Through the properties which it owns and operates directly, and through the pipe-line system owned and operated by a subsidiary, the Humble Oil and Refining Company covers all phases of the oil business, producing, transporting, refining and marketing petroleum and its products.
Its headquarters are at Houston, where it occupies one of the finest office buildings in the Southwest. Mr. Sterling was one of the moving spirits in the erection of this building.
One of the major achievements of this pioneer of the new industrial era in Texas centers around the building and operation of the Dayton and Goose Creek Railroad. In marked contrast to most short lines, the 23-mile road has been a consistent money maker. Even during the World War, when the great transportation systems of America were demoralized and forced to seek the sheltering arm of the government, Mr. Sterling's road was operated with signal success.
Construction work was begun in 1917 and completed in the succeeding year. The road-bed is of standard construction, and both passenger and freight schedules are maintained. The freight engines carry an average of sixty-eight loaded cars to the train. On one day two hundred and fifteen cars were handled over the road. There has never been a fatal accident to any employe; there has never been a strike or any sort of labor trouble; and not a single person has left the road's employ by reason of dissatisfaction. Mr. Sterling is president and owner of the road.
Through the purchase of the Houston Dispatch and the Houston Post and their consolidation in August, 1924, into the Post-Dispatch, Mr. Sterling and several associates acquired one of the major newspaper properties of Texas. Since the merger of these two dailies Mr. Sterling has served as chairman of the board of directors of the Houston Printing Company, publisher of the Post-Dispatch. The enormous gains made by this great morning publication and its rapid progress to a position of leadership in South Texas are matters of frequent discussion in Southwestern newspaper circles.
Among his many other interests Mr. Sterling numbers the American Maid Flour Mills, a huge concern located on the Houston Ship Channel; and the R. S. Sterling Investment Company. He is a director in various banks located in oil field centers of the State; and in October, 1925, he and his associates purchased three-fourths of the stock of the Houston National Bank, one of the oldest financial institutions in Texas. He is vice president of the First Texas Joint Stock Land Bank.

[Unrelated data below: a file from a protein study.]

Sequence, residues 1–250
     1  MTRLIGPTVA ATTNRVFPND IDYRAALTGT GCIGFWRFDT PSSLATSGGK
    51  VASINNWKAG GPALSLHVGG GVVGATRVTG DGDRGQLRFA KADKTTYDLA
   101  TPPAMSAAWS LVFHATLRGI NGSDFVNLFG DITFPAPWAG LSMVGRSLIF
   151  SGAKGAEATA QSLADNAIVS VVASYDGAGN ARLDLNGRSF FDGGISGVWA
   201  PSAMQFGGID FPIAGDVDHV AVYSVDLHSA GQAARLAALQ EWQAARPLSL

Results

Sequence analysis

Mr. Sterling constructed one of the finest newspaper buildings in America to serve as the downtown home of the Houston Post-Dispatch. This imposing 22-story structure was completed early in 1926. His other real estate and building operations include the sub-division and development of the Rossmoyne Addition to the city of Houston, one of the better restricted residential districts; and the erection of the first brick buildings built in Sour Lake, Saratoga, Goose Creek and Humble. He has been active in the upbuilding of these oil towns, and still retains property interests in most of them.
Mr. Sterling is a member of the Houston Country Club and the Houston Club; a life member of the Congressional Country Club of" Washington, D. C; a member of the Masonic, Knights of Pythias and Woodmen of the World lodges; the Mid-Continent Oil and Gas Association; the American Petroleum Institute; the United States Chamber of Commerce and the Houston Chamber of Commerce; a member of the board of deacons of the South End Christian Church of Houston, to which he has been a liberal contributor; and a trustee of Texas Christian University of Fort Worth. He resigned recently as chairman of the board of the Humble Company, in order to devote more time to civic affairs.
Five children have been born to Mr. and Mrs. Sterling. They are, Walter Gage Sterling, Mildred, wife of W. C. Hedrick of Fort Worth; Ruth, Ross Shaw, Jr., (deceased) and Norma.
Ross Shaw, Jr., died in April, 1924, and in memory to him Mr. Sterling gave the Y. M. C. A. of South Texas a beautiful wooded camp on Galveston Bay. The camp bears the name of the lad to whom it is dedicated; it is a favorite gathering place for boys of Houston and the adjacent towns; a spot where they may enjoy clean out-door sports under ample supervision.
Mr. Sterling's mother died in 1888. His father died in 1917, after spending his last years in the city named for his intimate friend, General Sam Houston.
R. S. Sterling's career furnishes a fascinatingchapter in the annals of the Southwest. A doer, a builder, an exemplary citizen, a brilliant leader of affairs, he is a worthy successor to the men whose mighty deeds and wonderful personalities shed undying luster on the Texas of yesteryear.